Plane skids off LaGuardia runway landing with its nose close to edge of icy bay

Delta Flight 1086, carrying 125 passengers and five crew members, from Atlanta skidded off a runway at New York City's LaGuardia Airport while landing during a snowstorm Thursday, crashing through a chain-link fence.

Craig Ruttle/AP
A Delta plane rests on a berm near the water at LaGuardia Airport in New York, Thursday, March 5, 2015. Delta Flight 1086, carrying 125 passengers and five crew members, veered off the runway at around 11:10 a.m., authorities said. Six people suffered non-life-threatening injuries, said Joe Pentangelo, a spokesman for the Port Authority of New York and New Jersey, which runs the airport.

A plane from Atlanta skidded off a runway at New York City's LaGuardia Airport while landing during a snowstorm Thursday, crashing through a chain-link fence and coming to rest with its nose perilously close to the edge of an icy bay.

Photos showed the nose of the plane resting on a berm that separates the runway from Flushing Bay. Passengers saddled with bags and bundled up in heavy coats and scarves slid down an inflated chute to safety on the snowy pavement.

Delta Flight 1086, carrying 125 passengers and five crew members, veered off the runway at around 11:10 a.m., authorities said. Six people suffered non-life-threatening injuries, said Joe Pentangelo, a spokesman for the Port Authority of New York and New Jersey, which runs the airport.

Emergency responders are still assessing people, and one person was seen getting into an ambulance at the airport.

Images show the plane resting in several inches of snow. Passengers trudged through the snow in an orderly line after climbing off the plane.

Among them was New York Giants tight end Larry Donnell, who said he felt blessed to be safe after the scary landing.

"I feel fine physically and hopefully all the other passengers did not have any significant injuries," Donnell said in an email. "We were all shocked and alarmed when the plane started to skid, but most importantly, as far as I know, all of the passengers and flight crew were able to exit the plane safely."

Michael J. Moritz Jr., a well-known Broadway producer, said he was commenting on the heavy snow on the runway when he saw the plane come in for a landing.

"Landing looked normal, didn't look abnormally rough at all," Moritz wrote in an email. "Once on the ground, the plane lost control very quickly, visibility was low."

Atlanta-based Delta Air Lines said passengers were bused to a terminal and it is working with authorities to figure out what caused the crash.

Pentangelo said the plane is apparently leaking fuel.

Both the airport's runways are closed until further notice, which is standard procedure after such incidents.

The National Transportation Safety Board is sending an investigator to the scene to secure the plane's flight data and cockpit voice recorders and to document damage to the plane and other evidence, said spokeswoman Kelly Nantel.

The Delta flight was landing on LaGuardia's main runway — a stretch of pavement that is 7,003 feet (2,134 meters) long and 150 feet (46 meters) wide. On the right side of the runway are a taxiway and the airport terminals. On the left is a berm, fence and Flushing Bay.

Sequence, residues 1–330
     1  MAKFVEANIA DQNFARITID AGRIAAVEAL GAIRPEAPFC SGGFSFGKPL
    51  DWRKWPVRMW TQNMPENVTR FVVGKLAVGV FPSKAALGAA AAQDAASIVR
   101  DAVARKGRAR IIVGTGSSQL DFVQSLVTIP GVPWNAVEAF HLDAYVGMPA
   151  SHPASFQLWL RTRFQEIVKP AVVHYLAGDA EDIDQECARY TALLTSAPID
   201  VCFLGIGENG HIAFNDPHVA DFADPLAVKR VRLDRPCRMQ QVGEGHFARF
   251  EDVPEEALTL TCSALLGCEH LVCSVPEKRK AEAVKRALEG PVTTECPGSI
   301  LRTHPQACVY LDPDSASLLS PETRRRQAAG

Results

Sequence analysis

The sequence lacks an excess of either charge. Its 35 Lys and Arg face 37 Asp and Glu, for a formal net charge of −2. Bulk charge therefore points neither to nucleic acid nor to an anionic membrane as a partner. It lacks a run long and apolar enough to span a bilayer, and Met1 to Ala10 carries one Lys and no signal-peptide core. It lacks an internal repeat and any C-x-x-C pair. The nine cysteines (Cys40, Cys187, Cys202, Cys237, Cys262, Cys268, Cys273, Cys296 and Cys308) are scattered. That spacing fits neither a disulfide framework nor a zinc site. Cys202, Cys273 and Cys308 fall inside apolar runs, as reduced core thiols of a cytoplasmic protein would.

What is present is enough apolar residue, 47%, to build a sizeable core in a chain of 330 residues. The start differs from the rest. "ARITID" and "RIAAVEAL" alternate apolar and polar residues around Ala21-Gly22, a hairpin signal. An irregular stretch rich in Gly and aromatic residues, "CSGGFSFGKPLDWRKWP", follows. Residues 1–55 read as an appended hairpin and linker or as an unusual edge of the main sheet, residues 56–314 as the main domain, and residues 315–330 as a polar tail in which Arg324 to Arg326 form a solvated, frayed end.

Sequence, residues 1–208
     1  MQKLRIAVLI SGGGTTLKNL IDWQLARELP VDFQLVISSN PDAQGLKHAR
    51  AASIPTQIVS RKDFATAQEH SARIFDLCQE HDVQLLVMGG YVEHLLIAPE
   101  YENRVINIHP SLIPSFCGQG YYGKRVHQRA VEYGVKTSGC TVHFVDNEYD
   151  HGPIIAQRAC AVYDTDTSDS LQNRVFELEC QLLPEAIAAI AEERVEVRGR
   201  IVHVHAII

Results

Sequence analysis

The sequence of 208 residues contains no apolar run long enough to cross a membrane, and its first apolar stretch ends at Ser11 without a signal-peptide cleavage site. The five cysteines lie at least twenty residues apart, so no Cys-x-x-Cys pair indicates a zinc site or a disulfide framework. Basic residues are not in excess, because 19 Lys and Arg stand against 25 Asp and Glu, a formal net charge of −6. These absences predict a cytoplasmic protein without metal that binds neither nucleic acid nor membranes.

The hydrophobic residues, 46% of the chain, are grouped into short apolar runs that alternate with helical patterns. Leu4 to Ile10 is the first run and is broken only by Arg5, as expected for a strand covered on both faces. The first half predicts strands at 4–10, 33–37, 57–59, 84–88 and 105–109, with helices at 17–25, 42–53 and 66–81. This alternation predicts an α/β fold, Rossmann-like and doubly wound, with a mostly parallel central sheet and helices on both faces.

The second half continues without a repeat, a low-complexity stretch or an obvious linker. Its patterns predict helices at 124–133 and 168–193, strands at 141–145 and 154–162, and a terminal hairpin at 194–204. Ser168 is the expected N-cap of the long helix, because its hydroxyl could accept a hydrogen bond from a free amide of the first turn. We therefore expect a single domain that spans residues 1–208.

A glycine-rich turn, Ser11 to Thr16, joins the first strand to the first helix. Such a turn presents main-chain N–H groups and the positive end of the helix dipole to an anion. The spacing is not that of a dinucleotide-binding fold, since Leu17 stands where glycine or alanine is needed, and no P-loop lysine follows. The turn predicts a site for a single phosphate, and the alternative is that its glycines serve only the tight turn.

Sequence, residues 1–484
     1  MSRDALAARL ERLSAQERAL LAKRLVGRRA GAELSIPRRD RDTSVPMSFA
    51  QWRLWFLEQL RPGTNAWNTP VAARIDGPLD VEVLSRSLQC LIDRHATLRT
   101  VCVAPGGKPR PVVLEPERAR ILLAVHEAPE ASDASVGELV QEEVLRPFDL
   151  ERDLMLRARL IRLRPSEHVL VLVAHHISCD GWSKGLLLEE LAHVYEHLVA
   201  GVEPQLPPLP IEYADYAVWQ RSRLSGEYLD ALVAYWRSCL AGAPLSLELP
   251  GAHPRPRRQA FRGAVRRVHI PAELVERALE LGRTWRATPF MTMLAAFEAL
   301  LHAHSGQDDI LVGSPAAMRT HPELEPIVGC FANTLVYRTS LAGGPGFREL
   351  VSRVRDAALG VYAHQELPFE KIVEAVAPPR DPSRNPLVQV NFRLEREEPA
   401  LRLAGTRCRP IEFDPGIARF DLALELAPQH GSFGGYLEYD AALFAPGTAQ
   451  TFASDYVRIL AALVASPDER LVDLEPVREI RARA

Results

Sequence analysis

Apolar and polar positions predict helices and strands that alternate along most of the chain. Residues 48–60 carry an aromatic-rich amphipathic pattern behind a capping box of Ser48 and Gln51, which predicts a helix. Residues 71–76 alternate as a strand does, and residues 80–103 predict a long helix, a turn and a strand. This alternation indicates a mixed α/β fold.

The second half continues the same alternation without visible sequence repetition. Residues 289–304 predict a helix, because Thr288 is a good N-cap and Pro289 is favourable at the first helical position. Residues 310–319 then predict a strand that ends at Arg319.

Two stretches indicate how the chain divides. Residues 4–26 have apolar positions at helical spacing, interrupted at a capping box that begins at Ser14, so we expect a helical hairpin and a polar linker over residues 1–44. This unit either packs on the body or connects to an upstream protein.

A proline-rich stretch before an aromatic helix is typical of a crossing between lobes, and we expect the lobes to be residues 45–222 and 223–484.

In 2005, a safety buffer was added to the end of the runway at LaGuardia, according to the Federal Aviation Administration. It was updated just last year. Called an engineered material arresting system, the buffer is typically a crushable material that can extend 1,000 feet (305 meters) beyond the runway. It is designed to slow or stop a plane that overruns, undershoots or veers off the side of the runway.

The tires of the aircraft sink into the lightweight material and the aircraft slows as it rolls through the material.

In the case of Flight 1086, it appears that the jet didn't end in the buffer zone but instead veered off the runway and into the berm separating the airport from Flushing Bay.

LaGuardia is one of the most congested airports in the U.S. It's also one of the more difficult ones to land at because of its close proximity to three other busy airports. When rain or snow reduces visibility, the number of landings slows down. The same occurs during high winds.

John M. Cox, who spent 25 years flying for US Airways and is now CEO of consultancy Safety Operating Systems, notes that LaGuardia's runway is "reasonably short" but still safe.

At airports with longer runways, pilots will glide a few feet above the runway and gently touchdown. At LaGuardia, "you put the airplane on the ground and stop it."

"You're concentrating on getting your plane on the runway and stopped," Cox says.

The airport has had its share of plane mishaps. In July 2013, the front landing gear of a Southwest Airlines flight arriving at the airport collapsed right after the plane touched down on the runway, sending the aircraft skidding before it came to a halt. Ten passengers had minor injuries. Federal investigators found that the jet touched down on its front nose wheel before the sturdier main landing gear in back touched down.

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AP Airplane Writer Scott Mayerowitz, AP Drama Writer Mark Kennedy and Associated Press writers Joe Frederick and Meghan Barr in New York contributed to this report.

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